In the beginning, the document alludes to MIM’s use of their version of the labor theory of value to paint large segments of the First World as parasitic. The same theory ends up painting large segments of the Third World that do not technically produce value as also parasitic. It seems to me that MIM was so out to prove the First World as parasitic using a certain kind of orthodoxy that they did not look at the implications of that analysis on the class structure of the Third World. Are the rising slum dwelling classes of the Third World also parasitic because they do not create value? Are refugee populations dependent on aid parasitic? Are Palestinians? Landless, declassed ex-peasants? There are also cases where productive laborers in some Third World countries form a relatively privileged sector that will not be the leading force of the revolutionary movement. MIM used to represent its views as orthodox on this topic, but MIM usually forgets to add that Marx assumed commodities are traded for equivalents in order to show that the origin of profit was from unpaid work. If you throw out this assumption, then it kind of undermines Marx’s whole argument for unpaid labor being the source of profit. You don’t need the idea of unpaid labor as a source of profit if you throw out the assumption that commodities trade at their values. And if you don’t throw out that assumption, you are kind of stuck with accepting that First World productive workers are exploited. Or, you have to throw out the orthodoxy and move toward a concept of net-exploitation as myself, Serve The People, Rebel1 explored in the IRTR period. Or, you have to set a bar for exploitation by assigning a full value of labor ala comrade Serve the People, something Marx himself opposed in at least one place — although I don’t have the reference off hand. Or you move in directions I have suggested in numerous articles, abandoning the labor theory of value altogether. IRTR and LLCO explored these directions in order to address some of this. I will also add that I am not saying there might not be uses for the labor theory of value, I am just saying is that it is not without problems and it is not a dividing line between Marxism and revisionism.
My point is that the appeal to orthodoxy (sometimes false orthodoxy) that pervades the document is not only the wrong way to go, but it also misrepresents. For example, it says that Mao defined words like “proletariat” and “masses” in their contexts, when everyone knows Mao and Maoist publications made numerous references to the “proletariat” and “masses” in the First World. MIM often invented all kinds of strange arguments to try to explain away these famous quotes by Mao. My personal favorite MIM argument was when MIM said Mao’s First Worldism was an innocent mistake because Mao did not have experience with the First World, as though the leader of a state that ruled over a quarter of the world’s people was living in a cave with no intelligence on the First World, as though Mao was totally dependent on First World micro-sects for his information on the First World. Any quick look to Beijing Review reveals how disingenuous MIM’s claim was. MIM had access to Beijing Review, but they used to cherry pick and selectively quote articles to make it appear as though Maoist China was more Third Worldist than it was. However, if you actually read the magazines, you will find First Worldism pervasive in Chinese Maoist literature. MIM was counting on people not having access to the original magazines, so they misrepresented the contents. This is just one thing that popped out immediately as problematic. I do not have time to examine every single quote in the article in context or look up quotes by the same authors that may suggest other things. The bigger issue is the methodological problem in part of the document. It seeks to pile up quotes as a way of increasing the legitimacy of its claims. And, in an attempt to do this, it misrepresents things on at least the occasion of Mao. Perhaps it misrepresents elsewhere, I don’t know. The method of seeking to represent oneself as the orthodoxy, misrepresent history, cherry pick, selectively quote, etc. is not a scientific one. It is fine to quote previous communists, it is good to supply information, but there is a kind of appeal to authority going on here too.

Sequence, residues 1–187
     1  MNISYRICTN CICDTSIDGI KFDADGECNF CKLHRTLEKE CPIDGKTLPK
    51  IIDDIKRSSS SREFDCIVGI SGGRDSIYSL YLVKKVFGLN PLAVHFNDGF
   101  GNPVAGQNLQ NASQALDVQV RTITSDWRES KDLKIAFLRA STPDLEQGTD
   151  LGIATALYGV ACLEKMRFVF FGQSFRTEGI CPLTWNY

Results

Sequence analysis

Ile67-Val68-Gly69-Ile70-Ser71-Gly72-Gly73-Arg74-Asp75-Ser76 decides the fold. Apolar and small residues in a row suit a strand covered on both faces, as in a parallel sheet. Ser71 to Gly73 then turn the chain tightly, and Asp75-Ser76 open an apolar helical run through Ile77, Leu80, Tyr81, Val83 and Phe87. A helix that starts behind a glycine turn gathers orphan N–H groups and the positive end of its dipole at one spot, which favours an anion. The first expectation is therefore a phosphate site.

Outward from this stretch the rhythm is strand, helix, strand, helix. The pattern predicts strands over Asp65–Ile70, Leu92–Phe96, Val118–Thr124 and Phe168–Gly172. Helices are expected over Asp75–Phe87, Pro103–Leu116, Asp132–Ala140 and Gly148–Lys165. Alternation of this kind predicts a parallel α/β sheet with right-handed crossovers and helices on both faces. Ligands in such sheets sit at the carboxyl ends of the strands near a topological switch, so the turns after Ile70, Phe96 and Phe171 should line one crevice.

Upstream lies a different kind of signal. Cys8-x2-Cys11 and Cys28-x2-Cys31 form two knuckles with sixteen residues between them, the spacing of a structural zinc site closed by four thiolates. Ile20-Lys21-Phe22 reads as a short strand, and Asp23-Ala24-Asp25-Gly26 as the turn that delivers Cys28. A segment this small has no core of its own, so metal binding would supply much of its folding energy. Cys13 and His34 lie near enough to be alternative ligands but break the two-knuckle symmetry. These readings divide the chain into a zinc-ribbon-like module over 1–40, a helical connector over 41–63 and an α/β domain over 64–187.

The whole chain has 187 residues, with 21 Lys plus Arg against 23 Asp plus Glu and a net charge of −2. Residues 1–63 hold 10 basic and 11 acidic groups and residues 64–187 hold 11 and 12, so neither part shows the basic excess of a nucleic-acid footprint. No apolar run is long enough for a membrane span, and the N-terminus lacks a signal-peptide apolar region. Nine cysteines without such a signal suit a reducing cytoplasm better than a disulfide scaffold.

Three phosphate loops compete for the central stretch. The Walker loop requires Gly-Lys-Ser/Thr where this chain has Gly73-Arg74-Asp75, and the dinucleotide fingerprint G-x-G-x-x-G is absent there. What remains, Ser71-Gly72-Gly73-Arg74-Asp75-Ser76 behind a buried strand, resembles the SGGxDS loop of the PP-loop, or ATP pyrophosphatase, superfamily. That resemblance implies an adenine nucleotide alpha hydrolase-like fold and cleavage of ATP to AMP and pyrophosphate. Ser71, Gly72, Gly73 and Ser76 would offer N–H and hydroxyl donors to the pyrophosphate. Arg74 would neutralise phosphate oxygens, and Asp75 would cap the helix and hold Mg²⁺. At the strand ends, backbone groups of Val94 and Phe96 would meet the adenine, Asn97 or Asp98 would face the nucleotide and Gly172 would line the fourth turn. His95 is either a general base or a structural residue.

MC5 seems to make a good point about how as the level of parasitism increases, so too does the need for a “top-down” approach. I agree with the sentiment here, but not the literal claim. If MIM’s political economy is taken literally, large segments of the poorest sections of the Third World are also parasitic since they consume value, but do not produce it. Do we require a “top-down” approach with them too? Obviously not. Again, this is a matter of MIM painting with too big a brush. In their attempt to paint the First World as parasitic, they failed to look at the implications of their arguments as they applied to Third World populations. I think a better way to say this is simply to say the higher standard of living of a population, the more of a “top-down” approach is needed.
I like MC5’s line when he discusses the revisionist attempts “to smuggle the labor aristocracy into the ‘masses,’ and then the ‘mass line,’ as an excuse for tailing parasitic demands by the imperialist country parasites.” I am not completely comfortable with the wording, but the assertion is correct. However, then I wonder why MIM focused on the First World oppressed nations? Why did MIM stick to the dogmatic formulation that the principal contradiction is between imperialism versus oppressed nations? It seems like MIM, with its intellectual emphasis on the First World lower strata and oppressed nations, is guilty of exactly what MC5 claims the revisionists do. The conclusion of a more consistent political economy, such as our own, is that the principal contradiction is between the First World versus Third World, the Bourgeois World versus Proletarian World, Exploiter World versus Exploited World. This is the muddle that seemed to pervade in MIM. They had one foot in Third Worldism and one foot in First Worldism with First Worldist practice, tailing of national liberation, pantherism, gender spellings, etc.
Again, I do not have time to give a full analysis of the document. It allowed us to demarcate some differences between MIM Thought and Leading Light Communism. However, these are just a couple of the differences between MIM Thought and Leading Light Communism. Leading Light Communism is a whole package of scientific advances that span everything from epistemology to political economy to history to “deep politics,” etc. Leading Light Communism is the future.